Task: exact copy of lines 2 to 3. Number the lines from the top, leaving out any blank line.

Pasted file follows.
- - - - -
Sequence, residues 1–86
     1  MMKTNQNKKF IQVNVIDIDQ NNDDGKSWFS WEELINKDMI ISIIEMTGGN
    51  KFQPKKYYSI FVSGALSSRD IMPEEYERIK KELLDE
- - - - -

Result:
     1  MMKTNQNKKF IQVNVIDIDQ NNDDGKSWFS WEELINKDMI ISIIEMTGGN
    51  KFQPKKYYSI FVSGALSSRD IMPEEYERIK KELLDE